Or here we are picking up a veggie soup, minding our own business, when we are suddenly hit by the sublime buttery smell of freshly baked croissants from the bakery section, which cause an almost perfect pavlovian reaction in us: salivating at the idea of biting into one fragrant French pastry. How many of us have been tricked like this? I raise my hand.

Supermarkets have also been our only escape from home confinement, making them perfect places to engage in some needed social interaction, but also bringing our most vivid nightmares of germs and bacteria to life.

So how can we use nudges to make supermarkets a safer place for customers and employees alike?

Here are some of the initiatives that are already in place, in the process of being deployed or that could be implemented:

  • Instead of having one product category per aisle (e.g. the bread aisle, canned food aisle, etc.), having a mix of basic products for each aisle could help avoiding gathering and long queues of people waiting to pick up some basics.
  • Creating smooth paths with no sharp turns in stores to avoid congestion.
  • Indicating the safe distance by taping it on the floor to make sure people stay in line correctly and respect the safety measures.
  • Creating bundles of necessary products, so that shoppers can easily grab those and pay, accelerating turn-over.
  • Playing messages over the speakers providing tips and useful information on how to make shopping safe for all customers, would help making the right information always salient to shoppers and therefore, they would act accordingly.
  • Removing handles, buttons, and all surfaces coming in constant contact with the customers’ hands.
  • Communication through messaging and social media apps how much groceries an average household needs could help in changing shoppers’ behaviour and avoid the hoarding behaviour we witnessed in the first weeks of lock-down (in German Hamstereinkauf).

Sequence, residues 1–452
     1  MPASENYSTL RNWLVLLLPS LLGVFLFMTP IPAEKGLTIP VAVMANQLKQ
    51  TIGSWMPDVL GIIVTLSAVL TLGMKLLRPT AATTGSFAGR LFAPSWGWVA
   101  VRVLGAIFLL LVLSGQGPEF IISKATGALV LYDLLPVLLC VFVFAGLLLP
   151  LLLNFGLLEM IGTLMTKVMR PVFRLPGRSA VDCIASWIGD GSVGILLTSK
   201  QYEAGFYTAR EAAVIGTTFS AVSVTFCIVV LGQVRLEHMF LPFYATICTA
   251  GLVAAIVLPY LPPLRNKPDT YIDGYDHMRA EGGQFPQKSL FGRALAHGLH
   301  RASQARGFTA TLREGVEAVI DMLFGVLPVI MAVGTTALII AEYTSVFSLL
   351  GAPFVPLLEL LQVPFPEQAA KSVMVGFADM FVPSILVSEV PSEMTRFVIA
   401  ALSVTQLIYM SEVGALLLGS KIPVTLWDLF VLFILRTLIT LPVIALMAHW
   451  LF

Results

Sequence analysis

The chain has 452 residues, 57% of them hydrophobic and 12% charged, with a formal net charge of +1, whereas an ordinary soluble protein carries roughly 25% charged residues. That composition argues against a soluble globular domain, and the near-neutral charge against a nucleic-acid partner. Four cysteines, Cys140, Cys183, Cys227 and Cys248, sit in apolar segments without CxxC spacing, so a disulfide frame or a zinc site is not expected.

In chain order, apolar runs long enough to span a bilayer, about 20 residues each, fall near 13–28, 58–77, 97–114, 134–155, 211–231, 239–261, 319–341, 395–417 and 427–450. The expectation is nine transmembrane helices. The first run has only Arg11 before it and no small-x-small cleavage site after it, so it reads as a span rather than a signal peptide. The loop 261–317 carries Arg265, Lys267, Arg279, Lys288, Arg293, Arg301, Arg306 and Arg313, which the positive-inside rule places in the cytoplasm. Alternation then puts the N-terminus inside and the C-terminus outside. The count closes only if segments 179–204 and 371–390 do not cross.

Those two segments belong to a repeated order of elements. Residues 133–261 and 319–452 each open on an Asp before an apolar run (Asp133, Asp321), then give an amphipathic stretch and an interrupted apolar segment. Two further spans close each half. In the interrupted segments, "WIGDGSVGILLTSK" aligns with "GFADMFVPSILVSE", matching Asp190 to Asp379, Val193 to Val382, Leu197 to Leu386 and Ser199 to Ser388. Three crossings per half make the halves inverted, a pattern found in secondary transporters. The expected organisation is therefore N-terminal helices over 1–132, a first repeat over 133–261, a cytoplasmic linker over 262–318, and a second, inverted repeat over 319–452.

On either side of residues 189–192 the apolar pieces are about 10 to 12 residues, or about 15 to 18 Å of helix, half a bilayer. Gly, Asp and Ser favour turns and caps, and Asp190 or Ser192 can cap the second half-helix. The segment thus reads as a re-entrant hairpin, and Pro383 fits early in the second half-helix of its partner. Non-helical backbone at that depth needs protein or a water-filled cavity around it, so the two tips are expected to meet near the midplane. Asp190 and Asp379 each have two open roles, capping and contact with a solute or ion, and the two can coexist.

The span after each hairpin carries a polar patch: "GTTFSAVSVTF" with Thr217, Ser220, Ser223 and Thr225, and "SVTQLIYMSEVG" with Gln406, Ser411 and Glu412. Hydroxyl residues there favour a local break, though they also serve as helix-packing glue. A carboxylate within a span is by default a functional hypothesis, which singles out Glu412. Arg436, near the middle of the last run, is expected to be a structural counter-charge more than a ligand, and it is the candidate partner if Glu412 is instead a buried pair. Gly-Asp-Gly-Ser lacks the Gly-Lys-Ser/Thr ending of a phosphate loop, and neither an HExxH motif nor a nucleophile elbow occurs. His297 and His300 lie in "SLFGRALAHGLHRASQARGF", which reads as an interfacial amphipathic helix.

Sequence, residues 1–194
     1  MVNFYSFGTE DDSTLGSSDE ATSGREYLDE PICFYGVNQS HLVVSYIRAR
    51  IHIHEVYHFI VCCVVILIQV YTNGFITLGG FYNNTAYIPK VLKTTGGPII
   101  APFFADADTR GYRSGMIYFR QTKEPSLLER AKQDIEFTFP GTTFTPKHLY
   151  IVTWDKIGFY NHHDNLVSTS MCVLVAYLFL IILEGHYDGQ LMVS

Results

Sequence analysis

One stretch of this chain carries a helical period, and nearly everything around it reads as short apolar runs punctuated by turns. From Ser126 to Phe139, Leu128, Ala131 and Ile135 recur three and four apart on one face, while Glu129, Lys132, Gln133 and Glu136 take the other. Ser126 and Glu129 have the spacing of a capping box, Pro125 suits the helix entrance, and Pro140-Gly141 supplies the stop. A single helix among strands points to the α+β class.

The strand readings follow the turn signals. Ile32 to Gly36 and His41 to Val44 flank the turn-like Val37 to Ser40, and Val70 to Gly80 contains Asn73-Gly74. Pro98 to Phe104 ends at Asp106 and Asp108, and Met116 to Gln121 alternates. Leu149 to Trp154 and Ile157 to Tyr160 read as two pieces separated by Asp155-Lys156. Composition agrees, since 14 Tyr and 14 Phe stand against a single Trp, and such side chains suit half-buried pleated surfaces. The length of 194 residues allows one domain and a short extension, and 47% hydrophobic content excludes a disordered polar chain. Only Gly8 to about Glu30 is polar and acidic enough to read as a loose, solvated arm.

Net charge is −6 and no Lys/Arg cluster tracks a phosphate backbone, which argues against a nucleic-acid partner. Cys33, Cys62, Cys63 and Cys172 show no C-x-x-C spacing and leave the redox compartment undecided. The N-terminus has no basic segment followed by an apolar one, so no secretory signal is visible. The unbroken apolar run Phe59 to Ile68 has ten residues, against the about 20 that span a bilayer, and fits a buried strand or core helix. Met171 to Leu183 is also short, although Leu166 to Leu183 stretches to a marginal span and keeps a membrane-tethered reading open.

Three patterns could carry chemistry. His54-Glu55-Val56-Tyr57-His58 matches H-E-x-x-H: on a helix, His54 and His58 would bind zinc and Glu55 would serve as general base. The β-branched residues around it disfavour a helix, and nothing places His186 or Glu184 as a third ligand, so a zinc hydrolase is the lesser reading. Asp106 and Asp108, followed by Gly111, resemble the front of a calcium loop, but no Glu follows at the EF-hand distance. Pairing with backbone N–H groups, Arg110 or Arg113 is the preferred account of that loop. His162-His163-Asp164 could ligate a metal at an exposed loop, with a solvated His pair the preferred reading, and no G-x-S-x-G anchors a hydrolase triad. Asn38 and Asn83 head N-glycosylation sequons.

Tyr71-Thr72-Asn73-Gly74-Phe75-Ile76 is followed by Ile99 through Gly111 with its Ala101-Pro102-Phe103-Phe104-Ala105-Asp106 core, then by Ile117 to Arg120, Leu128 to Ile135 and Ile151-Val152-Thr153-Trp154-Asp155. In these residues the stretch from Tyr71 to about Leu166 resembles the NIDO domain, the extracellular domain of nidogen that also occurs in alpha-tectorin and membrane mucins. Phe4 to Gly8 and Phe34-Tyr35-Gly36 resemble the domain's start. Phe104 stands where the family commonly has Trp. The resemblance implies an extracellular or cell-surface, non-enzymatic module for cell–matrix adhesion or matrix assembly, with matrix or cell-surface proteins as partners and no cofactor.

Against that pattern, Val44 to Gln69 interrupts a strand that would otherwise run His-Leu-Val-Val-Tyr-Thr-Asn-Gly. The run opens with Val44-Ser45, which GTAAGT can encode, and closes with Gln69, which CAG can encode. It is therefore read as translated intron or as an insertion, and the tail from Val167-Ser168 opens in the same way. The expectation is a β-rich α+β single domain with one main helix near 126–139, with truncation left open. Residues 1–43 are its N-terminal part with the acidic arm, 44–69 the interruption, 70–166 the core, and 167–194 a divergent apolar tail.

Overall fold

Workplace environments also pose a serious challenge

With the diffusion of the open office layout, companies can squeeze more employees in smaller spaces; however, this does not comply with the new safety measures to contrast the pandemic.

Many companies are resorting to hybrid practices: having some employees work in the office and some others work from home, or creating specific weekly schedules in order to allow only a safe number of people to go into the office at given days.

Other practices are, for example, spacing desks, taping safety distance bubbles on the floor, providing employees with instructions, mask and gloves and moving in the office only clock-wise, in order to avoid making U-turns and avoid creating gatherings.

Another suggestion to foster healthy behaviours is creating make shift areas.
As soon as the employees enter the office, the first room they enter is a locker-style room, where they are prompted to wash their hands and disinfect their belongings, sometimes even to change into clean clothes, providing as super-safe entrance in the office. At HYVE, we have also placed disinfection tables in every floor in front of the main doors: colleagues and visitors can find masks, gloves and disinfectant, and can start their day safely.

Push notifications at regular intervals or specific times of the day could remind people working in the office to open the windows and/or sanitize their hands. A specific sound/tone would be required to differentiate this notification from the work related ones.

These measures are going to require a shift in how we think our daily tasks and life: the help of well-thought nudges could be a useful drive to positive social behaviours.

Let´s remember that nudging does not mean helping people in changing their habits and behaviours, but creating an environment that makes the adoption of new habits and behaviours the natural and logical consequence. Designers, product managers and business leaders should take an active role in creating such environment.

At HYVE we conduct user research in many different fields and we hear the users often say:

“I do not need a service or product to tell me what to do.” *

*Adapted quote from real participants to comply with privacy regulations.

The nudge theory encourages a human-centric approach over an authoritarian one, letting users be themselves without impositions in order to achieve the desired outcomes.

Design thinking and behavioural insights have a lot in common. They both care deeply about the user, and their journey with a product or service. They want to understand their needs, their motivations, their wishes, but also their struggles and difficulties.

Keeping the human needs in focus, despite the sweeping changes we are about to face, is going to be the key to build successful innovation that can bring out the best in ourselves.

Giulia Dellaria, Service Designer at HYVE

How can you use nudging?